Summing from s = 1 to ∞ and assuming that the real interest rate net of the growth rate of output is the same for all states (ρ = r – n = 0.2), gives the equation for the estimated weighted average unemployment rate series:

(18)

Equation (16) is estimated and parameters and are found. They are used in equation (18) to obtain the complete series for the estimated weighted average unemployment rate. A similar procedure is used to find the series for the estimated weighted average of the growth rate of output.

The sensitivity of spending to the unemployment rate and the growth rate of output and its lag is found by estimating:

(19)

where gjt is the government expenditure to output ratio.

Estimated parameters and are used along with u*jt, the estimated weighted average unemployment rate series, and output growth rate series, , to calculate GVARjt.




Temporary output YVARjt is formed in a manner similar to that of Barro (1986) and Bohn (1998). Barro (1986) discusses the difficulties in forming a permanent, and therefore temporary, output series, and shows the algebraic manipulation necessary to arrive at a convenient form for temporary output:

YVARt = (ut - .054) g*t

where 5.4% is the assumed natural unemployment rate and g* is the permanent government spending to output ratio. Barro (1986) also discusses why the above measure is preferred to various alternatives attempted.

YVARjt = (ujt - u.tg*jt

Here, instead of making an assumption about the natural unemployment rate, the average unemployment rate for each state over the sample period is used (with all results robust to using the natural rate of 5.4%). The permanent government spending to output ratio, g* equals the actual expenditure series for each state, gjt, minus GVARjt. Thus

YVARjt = (ujt - u.tg*jt




4 Data


The primary (noninterest) surplus-income ratio, sjt is defined as state and local direct general expenditure minus interest payments on general debt minus tax revenue divided by gross state product (GSP). The combined state and local sector is used to avoid problems resulting from the differing assignment of functional responsibilities of state and local governments across states. The debt-income ratio, djt , is long term debt as a percentage of GSP. Data on direct general expenditure, interest payments on general debt, long term debt and total revenue are from Government Finances, Bureau of the Census, for the years 1978-1998. GSP is from the Census Bureau; the unemployment rate series are from the Bureau of Labor Statistics (1978-1998). The sample covers the years 1978-1998, except for GSP, where data from 1963-2009 are used to estimate the parameters used in constructing the noncyclical series.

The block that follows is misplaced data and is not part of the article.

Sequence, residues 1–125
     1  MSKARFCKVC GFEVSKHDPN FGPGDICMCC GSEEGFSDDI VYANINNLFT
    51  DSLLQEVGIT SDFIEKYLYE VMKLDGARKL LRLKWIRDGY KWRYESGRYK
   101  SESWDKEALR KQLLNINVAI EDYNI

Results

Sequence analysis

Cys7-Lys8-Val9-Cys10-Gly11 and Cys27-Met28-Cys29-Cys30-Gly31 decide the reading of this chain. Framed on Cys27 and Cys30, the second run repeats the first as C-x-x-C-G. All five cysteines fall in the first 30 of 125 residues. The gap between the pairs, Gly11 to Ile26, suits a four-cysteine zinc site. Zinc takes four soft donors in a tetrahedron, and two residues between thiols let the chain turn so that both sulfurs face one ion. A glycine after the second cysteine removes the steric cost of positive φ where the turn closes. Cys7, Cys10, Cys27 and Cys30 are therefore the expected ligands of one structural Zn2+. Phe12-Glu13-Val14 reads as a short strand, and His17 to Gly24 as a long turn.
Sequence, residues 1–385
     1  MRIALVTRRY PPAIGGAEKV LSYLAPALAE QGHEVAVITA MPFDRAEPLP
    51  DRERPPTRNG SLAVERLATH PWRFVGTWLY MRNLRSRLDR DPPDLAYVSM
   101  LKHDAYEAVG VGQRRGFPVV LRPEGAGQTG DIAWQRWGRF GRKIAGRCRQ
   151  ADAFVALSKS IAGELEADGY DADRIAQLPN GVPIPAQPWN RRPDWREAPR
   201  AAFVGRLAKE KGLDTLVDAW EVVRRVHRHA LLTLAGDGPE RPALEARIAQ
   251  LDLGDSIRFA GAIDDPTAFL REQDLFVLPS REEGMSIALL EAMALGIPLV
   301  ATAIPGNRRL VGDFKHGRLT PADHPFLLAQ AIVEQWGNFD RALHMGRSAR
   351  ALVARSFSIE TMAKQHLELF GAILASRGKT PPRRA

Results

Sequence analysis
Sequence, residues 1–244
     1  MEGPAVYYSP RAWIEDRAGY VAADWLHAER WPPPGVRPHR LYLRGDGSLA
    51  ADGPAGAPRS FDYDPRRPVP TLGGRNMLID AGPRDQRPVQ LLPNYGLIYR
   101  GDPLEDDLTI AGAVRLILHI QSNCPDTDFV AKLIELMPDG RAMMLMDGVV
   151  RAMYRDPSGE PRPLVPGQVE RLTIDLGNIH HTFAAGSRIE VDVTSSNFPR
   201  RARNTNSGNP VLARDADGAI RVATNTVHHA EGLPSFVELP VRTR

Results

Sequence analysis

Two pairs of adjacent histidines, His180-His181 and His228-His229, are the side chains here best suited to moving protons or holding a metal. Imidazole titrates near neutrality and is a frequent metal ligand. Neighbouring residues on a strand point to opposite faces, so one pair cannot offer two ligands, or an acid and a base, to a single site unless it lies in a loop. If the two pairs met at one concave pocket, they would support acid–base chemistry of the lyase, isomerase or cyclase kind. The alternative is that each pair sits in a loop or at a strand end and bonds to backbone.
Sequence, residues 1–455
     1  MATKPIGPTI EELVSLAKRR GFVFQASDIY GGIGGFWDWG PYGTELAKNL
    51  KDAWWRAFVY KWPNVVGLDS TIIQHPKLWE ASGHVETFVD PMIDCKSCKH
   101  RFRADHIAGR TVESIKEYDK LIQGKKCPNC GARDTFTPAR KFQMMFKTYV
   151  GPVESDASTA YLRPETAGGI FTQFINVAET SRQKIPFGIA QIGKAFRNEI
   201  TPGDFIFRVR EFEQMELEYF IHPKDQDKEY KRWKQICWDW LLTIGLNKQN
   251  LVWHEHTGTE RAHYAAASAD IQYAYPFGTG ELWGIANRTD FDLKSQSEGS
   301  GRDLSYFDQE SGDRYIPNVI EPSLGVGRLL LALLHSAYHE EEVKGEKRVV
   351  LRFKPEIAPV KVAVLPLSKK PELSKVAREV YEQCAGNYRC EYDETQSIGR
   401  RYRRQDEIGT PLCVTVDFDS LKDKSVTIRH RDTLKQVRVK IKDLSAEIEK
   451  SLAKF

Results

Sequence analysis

Regressions which include the interest rate raise an issue regarding the appropriate variable to use. As discussed in Bohn (2005), past statistical based studies have confused the uncertainty about the level of future total public debt, which is what is needed, with the riskiness of specific debt securities, which is what researchers have used. This paper uses a unique data source to solve this problem. The Chubb Relative Value Study was started in 1973 (ending in 1998) by the Chubb Insurance Company to address the lack of information available on municipal bond trading values, as the market for state general obligation bonds is typically very thin, resulting in a lack of availability of market prices for individual issues (Bayoumi, Goldsteina and Woglom, 1995; Park, 1997; Liu and Thakor, 1984). Additionally, state general obligation bond issues may vary for several reasons, including call provisions, maturity dates, tax issues, and insurance coverage. Semi-annually, twenty to twenty-five sell-side traders at major brokerage firms dealing in tax exempt bonds were polled as to where they thought twenty-year comparable state general obligation bonds should trade relative to the chosen benchmark state, New Jersey (chosen as at the time it was close to the midpoint of state trading values and was seen as being stable regarding creditworthiness). The traders considered similar bonds for the states, so the difference in spreads reflects only differences in default risk, thus solving the problems of comparing state general obligation bond issues and isolating a default risk premium for each state. Importantly for the current paper, the default risk would clearly be tied to expectations of the future path of total public debt (and specifically not tied to the riskiness of a particular security), so using this measure avoids Bohn’s (2005) criticism of empirical work using the wrong interest rate when testing sustainability. Because the Chubb dana spans the period 1973-1998 and long term debt is available beginning in 1978, the sample data used runs from 1978 to 1998.

Given the uniqueness of the Chubb data in allowing for the comparison of state bond yields, they have been used in several papers including Goldstein and Woglom (1992) and Bayoumi, Goldstein, and Woglom (1995) in their investigation of the effect of rising government debt on state bond yields; Poterba and Rueben (1999, 2001) which focus on the relationship between fiscal institutions and bond yields; and Andersen et al. (2014), which examines how the quality of fiscal governance, proxied for by the government’s ability to submit an on-time budget, affects state borrowing costs.

The survey excluded states that had no outstanding debt when the survey began (Arizona, Arkansas, Colorado, Idaho, Iowa, Indiana, Kansas, Nebraska, South Dakota, and Wyoming). Here, Puerto Rico (not a state), Alaska (unique in its relative oil and mineral endowments), and Hawaii (unique in its constitutional structure) are also excluded from the panel, leaving a full sample of thirty-eight states. The average Chubb yield for each state over the sample period 1973-1998 and other descriptive statistics are given in table 1.